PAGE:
13. Triggers
      14. Job chaining and build pipelines
      15. A look at the Jenkins filesystem layout
      16. Build servers and infrastructure as code
        1. Building by dependency order
      17. Build phases
      18. Alternative build servers
      19. Collating quality measures
      20. About build status visualization
      21. Taking build errors seriously
      22. Robustness
      23. Summary
    13. 6. Testing the Code
      1. Manual testing
      2. Pros and cons with test automation
      3. Unit testing
      4. JUnit in general and JUnit in particular
        1. A JUnit example
      5. Mocking
      6. Test Coverage
      7. Automated integration testing
        1. Docker in automated testing
        2. Arquillian
      8. Performance testing
      9. Automated acceptance testing
      10. Automated GUI testing
      11. Integrating Selenium tests in Jenkins
      12. JavaScript testing
      13. Testing backend integration points
      14. Test-driven development
      15. REPL-driven development
      16. A complete test automation scenario
        1. Manually testing our web application
        2. Running the automated test
        3. Finding a bug
        4. Test walkthrough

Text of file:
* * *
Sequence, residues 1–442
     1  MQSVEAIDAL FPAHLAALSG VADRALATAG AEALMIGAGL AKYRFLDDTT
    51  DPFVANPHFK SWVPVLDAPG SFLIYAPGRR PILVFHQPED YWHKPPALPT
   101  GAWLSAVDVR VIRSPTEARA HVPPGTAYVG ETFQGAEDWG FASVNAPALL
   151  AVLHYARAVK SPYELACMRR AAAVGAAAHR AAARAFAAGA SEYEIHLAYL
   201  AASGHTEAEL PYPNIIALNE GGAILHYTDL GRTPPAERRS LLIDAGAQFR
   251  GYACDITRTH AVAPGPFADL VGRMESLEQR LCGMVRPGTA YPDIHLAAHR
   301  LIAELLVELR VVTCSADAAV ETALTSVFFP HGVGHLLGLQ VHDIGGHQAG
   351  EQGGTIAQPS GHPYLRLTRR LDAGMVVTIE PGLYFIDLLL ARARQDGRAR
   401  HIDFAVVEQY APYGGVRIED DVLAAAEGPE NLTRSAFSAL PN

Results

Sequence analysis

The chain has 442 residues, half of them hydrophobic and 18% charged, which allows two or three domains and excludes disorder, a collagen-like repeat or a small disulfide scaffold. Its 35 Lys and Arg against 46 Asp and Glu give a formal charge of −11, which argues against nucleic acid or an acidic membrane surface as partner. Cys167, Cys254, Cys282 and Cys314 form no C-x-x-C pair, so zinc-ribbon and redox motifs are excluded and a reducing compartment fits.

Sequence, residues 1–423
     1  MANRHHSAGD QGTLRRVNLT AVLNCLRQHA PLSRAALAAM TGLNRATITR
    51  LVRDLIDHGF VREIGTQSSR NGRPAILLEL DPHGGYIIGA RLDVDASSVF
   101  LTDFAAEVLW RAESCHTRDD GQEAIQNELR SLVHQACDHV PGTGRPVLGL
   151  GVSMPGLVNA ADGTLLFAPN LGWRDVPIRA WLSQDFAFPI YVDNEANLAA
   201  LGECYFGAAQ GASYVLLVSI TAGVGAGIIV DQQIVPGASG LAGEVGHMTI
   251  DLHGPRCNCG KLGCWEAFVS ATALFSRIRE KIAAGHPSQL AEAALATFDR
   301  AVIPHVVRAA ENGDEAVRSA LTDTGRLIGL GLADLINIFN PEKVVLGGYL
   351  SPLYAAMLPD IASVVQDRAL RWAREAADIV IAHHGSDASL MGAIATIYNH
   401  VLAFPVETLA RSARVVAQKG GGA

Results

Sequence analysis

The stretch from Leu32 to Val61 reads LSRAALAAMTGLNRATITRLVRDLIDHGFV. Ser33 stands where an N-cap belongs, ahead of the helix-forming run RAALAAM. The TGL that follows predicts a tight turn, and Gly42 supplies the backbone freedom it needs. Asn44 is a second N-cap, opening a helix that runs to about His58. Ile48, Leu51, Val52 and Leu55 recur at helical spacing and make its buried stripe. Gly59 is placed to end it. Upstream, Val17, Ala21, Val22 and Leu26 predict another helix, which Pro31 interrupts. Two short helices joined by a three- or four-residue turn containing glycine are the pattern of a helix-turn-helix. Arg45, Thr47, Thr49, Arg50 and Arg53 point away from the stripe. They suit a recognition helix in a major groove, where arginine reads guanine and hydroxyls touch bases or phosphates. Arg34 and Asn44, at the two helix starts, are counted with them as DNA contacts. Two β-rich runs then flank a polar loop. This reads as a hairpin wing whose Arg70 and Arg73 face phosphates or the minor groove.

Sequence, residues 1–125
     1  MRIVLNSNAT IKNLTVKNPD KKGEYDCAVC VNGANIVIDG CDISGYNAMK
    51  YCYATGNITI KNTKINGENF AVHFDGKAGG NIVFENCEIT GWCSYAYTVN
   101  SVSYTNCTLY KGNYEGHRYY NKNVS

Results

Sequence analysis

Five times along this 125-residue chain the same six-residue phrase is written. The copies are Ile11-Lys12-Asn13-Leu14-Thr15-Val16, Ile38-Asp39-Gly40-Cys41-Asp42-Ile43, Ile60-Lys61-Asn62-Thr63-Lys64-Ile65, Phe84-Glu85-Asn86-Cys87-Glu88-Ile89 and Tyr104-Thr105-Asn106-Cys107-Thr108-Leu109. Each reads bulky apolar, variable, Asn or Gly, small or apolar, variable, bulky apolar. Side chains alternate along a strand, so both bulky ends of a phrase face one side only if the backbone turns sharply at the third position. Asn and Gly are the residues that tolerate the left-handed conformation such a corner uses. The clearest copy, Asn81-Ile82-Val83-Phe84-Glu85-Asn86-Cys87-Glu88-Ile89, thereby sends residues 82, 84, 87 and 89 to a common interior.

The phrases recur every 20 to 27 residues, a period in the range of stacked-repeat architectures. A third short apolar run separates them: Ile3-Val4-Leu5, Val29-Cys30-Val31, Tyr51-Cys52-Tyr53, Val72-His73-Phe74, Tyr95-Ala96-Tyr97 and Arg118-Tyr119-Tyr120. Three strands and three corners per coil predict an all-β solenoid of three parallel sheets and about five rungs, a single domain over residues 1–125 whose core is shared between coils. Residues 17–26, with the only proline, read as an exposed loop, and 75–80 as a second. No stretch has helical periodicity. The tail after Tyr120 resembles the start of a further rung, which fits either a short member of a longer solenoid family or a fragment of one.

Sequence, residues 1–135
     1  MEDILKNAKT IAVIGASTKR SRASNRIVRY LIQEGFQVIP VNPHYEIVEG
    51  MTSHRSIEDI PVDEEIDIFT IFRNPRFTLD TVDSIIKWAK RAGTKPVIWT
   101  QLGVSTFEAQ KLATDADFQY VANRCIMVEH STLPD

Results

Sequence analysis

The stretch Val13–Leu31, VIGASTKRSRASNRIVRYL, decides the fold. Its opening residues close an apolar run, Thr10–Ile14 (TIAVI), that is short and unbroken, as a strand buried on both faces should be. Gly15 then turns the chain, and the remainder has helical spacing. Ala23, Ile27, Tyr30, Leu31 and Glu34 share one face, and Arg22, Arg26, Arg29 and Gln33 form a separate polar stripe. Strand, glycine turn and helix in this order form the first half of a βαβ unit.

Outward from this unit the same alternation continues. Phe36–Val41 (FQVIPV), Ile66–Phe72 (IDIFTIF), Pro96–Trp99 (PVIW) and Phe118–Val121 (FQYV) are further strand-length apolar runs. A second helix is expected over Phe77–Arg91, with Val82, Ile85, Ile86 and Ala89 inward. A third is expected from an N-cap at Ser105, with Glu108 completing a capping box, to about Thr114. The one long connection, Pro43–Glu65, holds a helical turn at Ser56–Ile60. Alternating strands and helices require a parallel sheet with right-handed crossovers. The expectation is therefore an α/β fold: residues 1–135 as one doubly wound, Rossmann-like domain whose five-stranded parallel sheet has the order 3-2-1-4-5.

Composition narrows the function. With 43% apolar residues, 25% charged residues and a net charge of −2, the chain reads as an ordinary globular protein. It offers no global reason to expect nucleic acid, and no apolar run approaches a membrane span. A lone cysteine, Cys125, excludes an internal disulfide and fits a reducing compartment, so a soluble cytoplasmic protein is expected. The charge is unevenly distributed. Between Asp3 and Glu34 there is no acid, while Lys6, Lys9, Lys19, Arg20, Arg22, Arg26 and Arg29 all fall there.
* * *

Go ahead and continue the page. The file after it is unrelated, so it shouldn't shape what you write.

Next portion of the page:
5. Handling tricky dependencies with Docker
      17. Summary
    14. 7. Deploying the Code
      1. Why are there so many deployment systems?
        1. Configuring the base OS
        2. Describing clusters
        3. Delivering packages to a system
      2. Virtualization stacks
      3. Executing code on the client
        1. A note about the exercises
      4. The Puppet master and Puppet agents
      5. Ansible
      6. PalletOps
      7. Deploying with Chef
      8. Deploying with SaltStack
      9. Salt versus Ansible versus Puppet versus PalletOps execution models
      10. Vagrant
      11. Deploying with Docker
      12. Comparison tables
      13. Cloud solutions
      14. AWS
      15. Azure
      16. Summary
    15. 8. Monitoring the Code
      1. Nagios
      2. Munin
      3. Ganglia
      4. Graphite
      5. Log handling
        1. Client-side logging libraries
        2. The ELK stack
      6. Summary
    16. 9. Issue Tracking
      1. What are issue trackers used for?
      2. Some examples of workflows and issues
      3. What do we need from an issue tracker?
      4. Problems with issue tracker proliferation
      5. All the trackers
        1. Bugzilla
        2. Trac
        3. Redmine
        4. The GitLab issue tracker
        5. Jira
      6. Summary
    17. 10. The Internet of Things and DevOps
      1. Introducing the IoT and DevOps
      2. The future of the IoT according to the market
      3. Machine-to-machine communication
      4. IoT deployment affects software architecture
      5. IoT deployment security
      6. Okay, but what about DevOps and the IoT again?
      7. A hands-on lab with an IoT device for DevOps
      8. Summary
    18. Index

Product information

  • Title: Practical DevOps
  • Author(s): Joakim Verona
  • Release date: February 2016
  • Publisher(s): Packt Publishing
  • ISBN: 9781785882876